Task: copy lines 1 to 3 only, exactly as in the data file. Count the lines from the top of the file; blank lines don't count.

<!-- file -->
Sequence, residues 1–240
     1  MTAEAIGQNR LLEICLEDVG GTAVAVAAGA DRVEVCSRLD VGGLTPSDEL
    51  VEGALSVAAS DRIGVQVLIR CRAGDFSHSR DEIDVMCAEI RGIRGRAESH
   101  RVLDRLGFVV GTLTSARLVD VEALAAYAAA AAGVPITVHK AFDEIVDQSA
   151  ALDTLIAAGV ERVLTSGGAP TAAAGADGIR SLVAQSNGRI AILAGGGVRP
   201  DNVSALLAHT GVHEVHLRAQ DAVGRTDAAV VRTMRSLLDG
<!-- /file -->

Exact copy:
Sequence, residues 1–240
     1  MTAEAIGQNR LLEICLEDVG GTAVAVAAGA DRVEVCSRLD VGGLTPSDEL
    51  VEGALSVAAS DRIGVQVLIR CRAGDFSHSR DEIDVMCAEI RGIRGRAESH